The body has a wide range of functions that usually work automatically, without us ever needing to consider it. Respiratory function is a perfect example of this, and most in the downtown Vancouver area will never need to think about their breathing – it will go on unhindered throughout most of their life.
But when breathing problems arise, it can make a serious impact on our lives. Trouble breathing can be scary, and can have a tremendous impact on your overall health and wellbeing due to the simple fact that our ability to breathe influences everything from our brain function to our energy levels and beyond.
Depending upon the specific respiratory condition impacting your breathing, there are a number of different things that could be used to improve the problem. For those with swelling or mucus buildup in the airways, using a technique known as postural drainage might be needed.
Postural Drainage At A Glance
Postural drainage is exactly what its name suggests – the use of specific postures to help facilitate better fluid drainage out of the lungs and airways. By assuming certain positions you actually improve the way that the body expels the fluids and mucus and as a result can directly improve your breathing in the process.
Many people have performed postural drainage on themselves without even realizing it – if you’ve found that sitting upright in bed helps reduce cough and chest congestion, for example, you’ve engaged in a type of postural drainage on your own.
The specific type of position you’ll need to assume will vary depending upon the specific problem you’re experiencing, but more often than not alternating between a serious of three different positions will be the best solution. A medical professional such as a chiropractor like Dr. Stuart Kilian at Advantage Chiropractic can help you determine the specifics of your issue and as a result help you identify the right solutions for your problem.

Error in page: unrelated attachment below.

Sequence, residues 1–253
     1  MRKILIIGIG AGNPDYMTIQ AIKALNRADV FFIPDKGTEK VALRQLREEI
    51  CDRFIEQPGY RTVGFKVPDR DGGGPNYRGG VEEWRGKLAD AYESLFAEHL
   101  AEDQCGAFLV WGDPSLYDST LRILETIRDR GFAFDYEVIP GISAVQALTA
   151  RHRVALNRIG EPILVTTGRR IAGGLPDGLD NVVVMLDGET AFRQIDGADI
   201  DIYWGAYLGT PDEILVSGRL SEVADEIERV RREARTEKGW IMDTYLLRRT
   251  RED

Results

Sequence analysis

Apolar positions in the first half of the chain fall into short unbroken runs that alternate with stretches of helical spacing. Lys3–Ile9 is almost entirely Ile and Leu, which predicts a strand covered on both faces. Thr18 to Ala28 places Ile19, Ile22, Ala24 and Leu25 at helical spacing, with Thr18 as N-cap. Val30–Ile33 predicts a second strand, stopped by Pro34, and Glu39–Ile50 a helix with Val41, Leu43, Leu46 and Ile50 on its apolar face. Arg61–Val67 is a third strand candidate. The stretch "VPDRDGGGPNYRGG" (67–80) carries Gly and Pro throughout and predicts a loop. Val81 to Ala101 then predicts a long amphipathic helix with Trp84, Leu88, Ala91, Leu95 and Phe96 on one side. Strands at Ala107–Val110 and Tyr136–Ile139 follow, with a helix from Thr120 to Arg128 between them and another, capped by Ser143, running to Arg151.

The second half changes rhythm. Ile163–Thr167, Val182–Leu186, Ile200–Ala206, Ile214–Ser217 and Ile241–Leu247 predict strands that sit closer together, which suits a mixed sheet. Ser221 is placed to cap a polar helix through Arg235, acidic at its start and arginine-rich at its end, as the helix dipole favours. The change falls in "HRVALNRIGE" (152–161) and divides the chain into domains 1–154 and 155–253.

Who Needs Postural Drainage?
Primarily, those who are suffering from serious illnesses like pneumonia or bronchitis as well as chronic health issues like cystic fibrosis or spinal cord injuries most commonly need the use of postural drainage due to their specific health issues. But anyone with a cold, chest congestion, or similar breathing troubles may find that they can benefit from the use of a postural drainage technique. The non-invasive nature of the procedure means that there is little risk to using it, but the benefits could be too large to ignore.
How Does Postural Drainage Work?
Mucus can collect in your lungs for a wide range of reasons. When this occurs, it can narrow the airways and make it harder to breathe. Additionally, it can increase the risk of lung infections like pneumonia.Postural drainage works by moving the body in such a way that mucus is more naturally drained out of the airways. It may also be combined with physiotherapy wherein a care provider claps the back or chest quickly in a rhythmic nature. This can break mucus free from the airway walls and help improve the amount of fluid that drains.